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9 results for Black Mountain College (Black Mountain)--History
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Record #:
5553
Abstract:
Founded by John Andrew Rice and five other professors and using borrowed buildings for a campus, Black Mountain College became an innovative experiment in higher education.
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North Carolina Literary Review (NoCar PS 266 N8 N66x), Vol. 2 Issue 2, 1995, p33-44, por, bibl, f Periodical Website
Record #:
5552
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Established in 1933 and existing for twenty-three years, Black Mountain College, with an enrollment of under 100 even in the best of years, was a bold experiment in education and the arts.
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Record #:
6638
Author(s):
Abstract:
Founded by John Andrew Rice and five other professors and using borrowed buildings for a campus, Black Mountain College became an innovative experiment in higher education. Established in 1933 and existing for twenty-three years, Black Mountain College was small, with an enrollment of under 100 even in the best of years. Campus life differed from that of traditional schools. Everyone, students and staff alike, worked on the college farm or in the kitchen or with construction projects.
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Our State (NoCar F 251 S77), Vol. 71 Issue 12, May 2004, p25-26, 29, il Periodical Website
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Record #:
9263
Author(s):
Abstract:
Founded by John Andrews Rice in 1933, Black Mountain College operated in Buncombe County town until 1965. The school never had more than fifty or so students, rarely held formal examinations, and allowed students to study as fast or as slowly as they wished. The exit examinations were grueling, but the school attracted some of the finest professors in writing, painting, sculpting, and music. Due to a lack of funding, the school closed in 1965.\r\n
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The State (NoCar F 251 S77), Vol. 46 Issue 3, Aug 1978, p8-9, 30, il, por
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Record #:
15123
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Black Mountain College, founded by Rollins College staff after dissension over teaching methods, is probably the most unusual college in North Carolina. At the present time, workmen engaged in completing Black Mountain's new plant at Lake Eden include faculty members and students.
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The State (NoCar F 251 S77), Vol. 8 Issue 41, Mar 1941, p9, 16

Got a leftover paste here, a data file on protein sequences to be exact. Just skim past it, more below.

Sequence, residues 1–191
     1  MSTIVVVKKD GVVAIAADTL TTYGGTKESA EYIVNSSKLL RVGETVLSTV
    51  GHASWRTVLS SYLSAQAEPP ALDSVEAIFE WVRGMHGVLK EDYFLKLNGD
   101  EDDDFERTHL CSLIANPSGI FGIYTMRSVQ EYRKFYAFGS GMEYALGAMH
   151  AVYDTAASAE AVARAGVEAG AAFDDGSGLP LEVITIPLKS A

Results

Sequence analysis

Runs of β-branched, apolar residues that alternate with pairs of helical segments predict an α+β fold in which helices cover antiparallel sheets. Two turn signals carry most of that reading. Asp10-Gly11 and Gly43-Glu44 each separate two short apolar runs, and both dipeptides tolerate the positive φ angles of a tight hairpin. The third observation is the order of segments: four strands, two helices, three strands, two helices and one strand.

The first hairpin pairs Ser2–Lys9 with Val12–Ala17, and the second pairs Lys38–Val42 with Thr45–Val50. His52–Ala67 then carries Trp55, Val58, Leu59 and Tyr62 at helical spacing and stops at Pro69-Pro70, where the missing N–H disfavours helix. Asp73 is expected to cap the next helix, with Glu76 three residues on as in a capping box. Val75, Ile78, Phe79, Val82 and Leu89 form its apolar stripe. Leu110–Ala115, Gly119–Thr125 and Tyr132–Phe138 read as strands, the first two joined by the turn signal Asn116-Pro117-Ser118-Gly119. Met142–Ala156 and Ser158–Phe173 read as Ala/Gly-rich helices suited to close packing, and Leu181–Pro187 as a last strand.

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Record #:
19823
Abstract:
Black Mountain College of Black Mountain, North Carolina played prominent roles in modern art, the Beats poetry movement, and as a groundbreaking experiment in sociology. For its 22 years of existence, the college was populated by nonconformists and free thinkers who argued progressive issues of the day through painting, sculpture, music, poetry, and literature. In the liberal and progressive environment of Black Mountain College, women played a prominent role in the development and progression of the college. The women of Black Mountain College listed in the article were interviewed regarding their experiences at the college and how it helped to shape their lives.
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Record #:
21125
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As a Japanese-American from Hawaii, I.S. Nakata was far away from home when he first attended Black Mountain College in 1940. His first experiences with Jim Crow, university studies, and with the continental United States all took place at the college. These experiences were cut short by the United States' entry into World War II, when Nakata was drafted into the Army Air Corp. After being honorably discharged in 1942, he returned to Black Mountain College to finish his studies and married fellow student Alexa McLane.
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Record #:
21124
Abstract:
Black Mountain College was founded by several recently fired professors in 1933 during the Great Depression in a region that did not clamor for a liberal arts college and did not have the economy to support it.
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Record #:
21126
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Abstract:
In this interview with writer and Black Mountain College alum Fielding Dawson, the interviewer meant to only discuss Dawson's recently released The Black Mountain Book. The interview quickly become one not so much about the book, but about Black Mountain College itself and the time that Fielding spent there.
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